We have been going over Nielson ratings (mostly for television) in class all week, so I thought I'd tie it together with the blog today. Back in July, Nielson Media Research launched Nielson GamePlay Metrics to measure PC and console video game usage. This new system provides electronic ratings and survey data to show the games and consoles being used, and the time periods they are being used for in an effort to better estimate what kind of games should be created for what systems, and represent the gaming audience to advertisers.
Results have been released for the months of May and June of this year, showing an estimated 68.1 million people using a video game console in June, for an average of 7.5 days a month. The clear market leader in gaming consoles at the moment is the PS2, which accounted for 42% of game play in June. Not terribly surprising when you consider how popular the PS2 has been and for how long. While all of the newest generation of consoles improved from May to June, they still have a long way to go to catch up with any of the older systems. Also found was that the average gaming session lasted for about one hour, except in the case of the PS3, where the average session lasted 83 minutes. Since Nielson GamePlay Metrics is based on the same infrastructure as their television ratings system, they can get the same kind of in-depth information about gamers and their households, such as seasonal patterns or the social class of the average Wii-owner, which is valuable information for advertisers.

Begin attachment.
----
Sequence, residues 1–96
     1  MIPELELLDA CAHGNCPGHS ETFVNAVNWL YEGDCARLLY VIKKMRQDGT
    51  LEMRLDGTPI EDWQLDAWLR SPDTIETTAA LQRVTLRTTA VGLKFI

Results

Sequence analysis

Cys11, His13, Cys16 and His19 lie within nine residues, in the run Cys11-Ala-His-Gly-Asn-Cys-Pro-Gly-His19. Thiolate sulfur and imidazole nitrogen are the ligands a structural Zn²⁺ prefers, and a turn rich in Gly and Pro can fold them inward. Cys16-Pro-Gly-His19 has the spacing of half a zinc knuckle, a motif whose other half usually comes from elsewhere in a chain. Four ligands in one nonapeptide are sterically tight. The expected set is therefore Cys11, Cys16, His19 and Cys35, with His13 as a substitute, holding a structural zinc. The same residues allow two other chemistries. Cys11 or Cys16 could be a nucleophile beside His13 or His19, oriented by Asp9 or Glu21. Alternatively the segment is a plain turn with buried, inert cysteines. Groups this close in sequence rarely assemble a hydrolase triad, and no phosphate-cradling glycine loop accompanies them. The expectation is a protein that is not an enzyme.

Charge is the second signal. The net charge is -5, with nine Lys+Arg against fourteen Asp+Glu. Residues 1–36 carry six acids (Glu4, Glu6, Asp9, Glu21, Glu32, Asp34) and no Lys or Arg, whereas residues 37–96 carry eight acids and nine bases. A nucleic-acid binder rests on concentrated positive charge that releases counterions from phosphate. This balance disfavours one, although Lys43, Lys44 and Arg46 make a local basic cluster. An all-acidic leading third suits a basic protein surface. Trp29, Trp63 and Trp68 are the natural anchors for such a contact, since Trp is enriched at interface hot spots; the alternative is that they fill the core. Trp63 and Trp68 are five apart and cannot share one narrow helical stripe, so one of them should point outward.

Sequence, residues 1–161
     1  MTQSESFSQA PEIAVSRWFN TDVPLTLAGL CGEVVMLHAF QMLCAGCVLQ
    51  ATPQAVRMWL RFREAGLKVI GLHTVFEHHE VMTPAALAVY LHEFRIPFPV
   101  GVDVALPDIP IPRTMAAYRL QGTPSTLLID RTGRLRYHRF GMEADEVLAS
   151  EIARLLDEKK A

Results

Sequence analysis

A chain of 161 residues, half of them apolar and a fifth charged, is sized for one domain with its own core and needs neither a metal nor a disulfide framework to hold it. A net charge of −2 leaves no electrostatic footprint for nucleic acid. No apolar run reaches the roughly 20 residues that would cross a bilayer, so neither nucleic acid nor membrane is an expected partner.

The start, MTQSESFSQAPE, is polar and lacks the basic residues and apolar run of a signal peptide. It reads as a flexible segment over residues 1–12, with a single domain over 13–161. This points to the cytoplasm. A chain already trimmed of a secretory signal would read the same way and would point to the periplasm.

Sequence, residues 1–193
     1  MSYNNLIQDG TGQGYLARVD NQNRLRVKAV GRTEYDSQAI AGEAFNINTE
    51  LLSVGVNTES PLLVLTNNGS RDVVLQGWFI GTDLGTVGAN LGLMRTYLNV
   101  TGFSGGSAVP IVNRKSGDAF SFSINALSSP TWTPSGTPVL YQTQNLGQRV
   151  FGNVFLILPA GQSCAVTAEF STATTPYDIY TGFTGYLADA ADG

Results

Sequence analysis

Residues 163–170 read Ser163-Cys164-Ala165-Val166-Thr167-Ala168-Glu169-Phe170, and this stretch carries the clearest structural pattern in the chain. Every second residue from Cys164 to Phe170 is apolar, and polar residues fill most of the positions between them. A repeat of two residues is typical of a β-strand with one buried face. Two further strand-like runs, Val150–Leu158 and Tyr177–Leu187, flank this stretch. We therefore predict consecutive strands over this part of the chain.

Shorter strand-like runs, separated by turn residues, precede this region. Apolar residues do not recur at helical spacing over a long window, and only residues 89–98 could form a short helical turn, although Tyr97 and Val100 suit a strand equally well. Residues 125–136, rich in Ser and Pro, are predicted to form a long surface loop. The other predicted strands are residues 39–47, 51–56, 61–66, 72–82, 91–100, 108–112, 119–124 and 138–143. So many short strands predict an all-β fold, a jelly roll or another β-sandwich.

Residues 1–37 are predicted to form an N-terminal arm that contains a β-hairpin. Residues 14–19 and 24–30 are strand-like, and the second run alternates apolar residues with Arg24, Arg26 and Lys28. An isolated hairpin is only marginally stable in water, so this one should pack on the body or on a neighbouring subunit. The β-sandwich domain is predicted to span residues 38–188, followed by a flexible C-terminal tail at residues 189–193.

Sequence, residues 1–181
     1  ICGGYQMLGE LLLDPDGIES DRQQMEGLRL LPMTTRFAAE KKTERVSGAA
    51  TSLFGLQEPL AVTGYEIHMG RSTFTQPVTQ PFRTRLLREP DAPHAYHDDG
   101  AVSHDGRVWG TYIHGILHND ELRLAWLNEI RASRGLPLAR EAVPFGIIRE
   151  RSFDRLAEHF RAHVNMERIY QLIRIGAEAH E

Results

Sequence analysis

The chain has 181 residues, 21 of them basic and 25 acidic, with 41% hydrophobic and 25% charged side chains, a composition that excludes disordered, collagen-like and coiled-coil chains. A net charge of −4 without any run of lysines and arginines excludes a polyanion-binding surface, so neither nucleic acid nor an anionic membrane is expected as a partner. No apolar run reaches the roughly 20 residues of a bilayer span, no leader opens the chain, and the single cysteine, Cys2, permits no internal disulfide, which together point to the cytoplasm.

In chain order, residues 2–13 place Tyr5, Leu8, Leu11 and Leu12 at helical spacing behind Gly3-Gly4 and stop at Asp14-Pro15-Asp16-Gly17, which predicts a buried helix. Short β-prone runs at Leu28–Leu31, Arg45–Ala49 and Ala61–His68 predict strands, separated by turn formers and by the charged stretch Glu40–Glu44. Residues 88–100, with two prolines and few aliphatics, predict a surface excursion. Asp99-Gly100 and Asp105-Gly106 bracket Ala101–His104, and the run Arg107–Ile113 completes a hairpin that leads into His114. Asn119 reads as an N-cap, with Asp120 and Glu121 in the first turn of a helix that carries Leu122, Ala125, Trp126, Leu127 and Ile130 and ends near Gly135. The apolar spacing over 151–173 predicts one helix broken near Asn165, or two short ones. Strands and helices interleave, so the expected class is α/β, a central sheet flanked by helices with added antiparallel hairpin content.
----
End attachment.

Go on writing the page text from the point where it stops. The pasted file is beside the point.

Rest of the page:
Nielson claims to have "significantly advanced the understanding of how video game consoles are used and which games are actually being played", using a sample of 33,000 individuals ages 7 to 54. Qualifications to be included in the study were ownership of a console or PC, playing video games at least one hour a week, and having bought at least one game in the last six months. The question is, as with any ratings that Nielson provides, how accurate are their findings? If the little game advertising that exists is going to start depending on Nielson data, it's important that all key markets are properly identified and represented. Personally, I have never had great faith in Nielson, as they have only recently begun to include college students in their television research, meaning that for years they had been ignoring millions in the television-watching market. So how significantly have they advanced the understanding of gamers? Is there a significant portion of the market that is being left out (33,000 isn't that big a number in the scheme of things)? Should advertisers buy based on these findings? I don't know, but I guess it's nice that games are a big enough medium to finally get their own Nielson research.